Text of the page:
I don't grade for these ~ except occasionally for effort. I usually use this when they are reading with partners ~ the discussions that they will have with their partners to decide how to do this are unbelievable.

Anyone who has doubts, confusion, cynicism, criticism, or dislike for CLOSE reading should witness this and, I would think, all of the attitudes would disappear.

If you try this, I would love to hear your thoughts.

Good luck,
CLOSE Reading Nut pg
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Annotating Close Reading
Old 03-25-2014, 06:53 AM
 
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I agree with pg.

Annotating a close read is part of the process and it is phenominal. It puts the students focus right into the text and in my experience the students "like" annotating and they are engaged... believe it or not.

The only problem with annotating the text comes when the students are tested by computers. Our end of grade testing is all done on computers and other than highlighting, there is no way for students to annotate the text.
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Parker and pg-a few questions
Old 03-25-2014, 01:40 PM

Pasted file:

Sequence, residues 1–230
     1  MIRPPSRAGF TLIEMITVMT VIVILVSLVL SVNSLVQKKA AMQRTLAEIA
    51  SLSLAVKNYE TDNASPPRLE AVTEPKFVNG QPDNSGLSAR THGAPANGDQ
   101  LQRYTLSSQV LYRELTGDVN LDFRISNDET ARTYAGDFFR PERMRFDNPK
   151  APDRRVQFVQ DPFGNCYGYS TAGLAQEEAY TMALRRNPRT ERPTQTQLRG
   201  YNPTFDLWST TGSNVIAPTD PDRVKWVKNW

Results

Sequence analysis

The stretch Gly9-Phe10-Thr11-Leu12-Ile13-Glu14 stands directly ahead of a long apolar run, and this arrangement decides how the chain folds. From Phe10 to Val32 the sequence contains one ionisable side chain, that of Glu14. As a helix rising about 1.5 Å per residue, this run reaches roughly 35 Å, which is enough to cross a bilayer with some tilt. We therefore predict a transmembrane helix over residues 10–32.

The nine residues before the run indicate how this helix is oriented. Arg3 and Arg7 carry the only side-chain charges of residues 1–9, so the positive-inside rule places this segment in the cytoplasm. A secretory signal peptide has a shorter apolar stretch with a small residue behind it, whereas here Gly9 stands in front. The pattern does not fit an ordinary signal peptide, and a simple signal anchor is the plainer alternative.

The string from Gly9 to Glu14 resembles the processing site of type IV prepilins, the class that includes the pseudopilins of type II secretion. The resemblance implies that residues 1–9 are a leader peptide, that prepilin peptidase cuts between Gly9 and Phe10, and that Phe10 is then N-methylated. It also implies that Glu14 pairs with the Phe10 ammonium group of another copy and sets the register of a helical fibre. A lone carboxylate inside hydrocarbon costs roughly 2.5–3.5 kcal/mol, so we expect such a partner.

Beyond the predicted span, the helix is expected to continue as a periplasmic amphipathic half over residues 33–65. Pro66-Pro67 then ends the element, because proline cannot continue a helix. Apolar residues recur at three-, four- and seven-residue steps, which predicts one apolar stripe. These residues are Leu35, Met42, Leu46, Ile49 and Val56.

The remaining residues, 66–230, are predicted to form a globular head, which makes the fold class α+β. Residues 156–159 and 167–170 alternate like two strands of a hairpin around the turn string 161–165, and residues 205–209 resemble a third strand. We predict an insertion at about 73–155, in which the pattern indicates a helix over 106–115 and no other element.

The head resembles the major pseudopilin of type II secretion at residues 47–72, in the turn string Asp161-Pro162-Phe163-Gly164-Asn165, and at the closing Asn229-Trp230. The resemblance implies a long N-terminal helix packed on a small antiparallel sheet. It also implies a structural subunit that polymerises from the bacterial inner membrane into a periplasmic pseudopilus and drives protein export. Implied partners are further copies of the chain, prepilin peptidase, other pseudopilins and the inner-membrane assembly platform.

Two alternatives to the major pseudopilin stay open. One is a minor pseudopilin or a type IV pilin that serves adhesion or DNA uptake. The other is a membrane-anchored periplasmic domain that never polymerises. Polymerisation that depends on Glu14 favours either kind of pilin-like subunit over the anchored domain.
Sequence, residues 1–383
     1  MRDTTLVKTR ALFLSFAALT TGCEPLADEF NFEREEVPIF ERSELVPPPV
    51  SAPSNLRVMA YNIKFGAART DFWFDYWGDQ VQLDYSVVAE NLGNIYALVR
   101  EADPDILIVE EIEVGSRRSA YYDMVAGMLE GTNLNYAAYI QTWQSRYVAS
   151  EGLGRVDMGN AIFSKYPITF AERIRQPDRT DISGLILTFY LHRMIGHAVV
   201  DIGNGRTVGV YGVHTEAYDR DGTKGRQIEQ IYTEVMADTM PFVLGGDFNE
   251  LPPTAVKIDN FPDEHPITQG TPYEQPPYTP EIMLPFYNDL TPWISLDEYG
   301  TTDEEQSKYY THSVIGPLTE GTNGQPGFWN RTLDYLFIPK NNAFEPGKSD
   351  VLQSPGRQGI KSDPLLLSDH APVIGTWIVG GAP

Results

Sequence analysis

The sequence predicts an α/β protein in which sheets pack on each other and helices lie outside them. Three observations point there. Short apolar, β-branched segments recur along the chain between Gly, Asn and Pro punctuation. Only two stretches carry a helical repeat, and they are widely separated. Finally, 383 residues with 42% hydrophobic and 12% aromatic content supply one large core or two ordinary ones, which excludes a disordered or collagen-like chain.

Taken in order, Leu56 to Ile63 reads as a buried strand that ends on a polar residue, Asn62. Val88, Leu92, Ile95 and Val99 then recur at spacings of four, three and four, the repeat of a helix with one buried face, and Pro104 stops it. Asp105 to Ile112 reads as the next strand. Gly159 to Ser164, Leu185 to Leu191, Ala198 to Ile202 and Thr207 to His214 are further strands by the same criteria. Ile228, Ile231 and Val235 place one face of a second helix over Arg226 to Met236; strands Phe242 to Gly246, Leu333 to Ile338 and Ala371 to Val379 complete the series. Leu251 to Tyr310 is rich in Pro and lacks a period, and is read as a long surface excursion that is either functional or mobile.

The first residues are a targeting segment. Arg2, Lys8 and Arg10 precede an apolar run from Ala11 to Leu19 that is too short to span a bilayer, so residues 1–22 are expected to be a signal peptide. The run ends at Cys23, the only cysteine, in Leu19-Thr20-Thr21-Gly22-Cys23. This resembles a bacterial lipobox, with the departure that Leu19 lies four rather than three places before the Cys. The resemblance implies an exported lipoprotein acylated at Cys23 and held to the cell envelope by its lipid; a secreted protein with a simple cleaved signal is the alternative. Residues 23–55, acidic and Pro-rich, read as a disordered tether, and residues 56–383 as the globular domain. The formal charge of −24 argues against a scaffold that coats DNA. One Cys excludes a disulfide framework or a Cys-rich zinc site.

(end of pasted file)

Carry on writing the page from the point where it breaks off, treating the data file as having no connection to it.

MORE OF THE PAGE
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How did you learn about this? Is it CC?

How would one get started? Do you do it whole group (always?)?
In reading groups?

How often? Daily?

Do you ever read real books in small groups or is it always worksheet type reading? (I ask this because I have a new teammate who only does worksheet type reading passages during small groups. That goes against my belief that children should be reading authentic text). He came from a strong CC state.

If either of you could outline your reading block so I can envision how this is used, I would appreciate it. I would like my students more engaged in the text, whether it be 'test prep' (worksheets) text or authentic text (books, magazines, etc.).

TIA!


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More close reading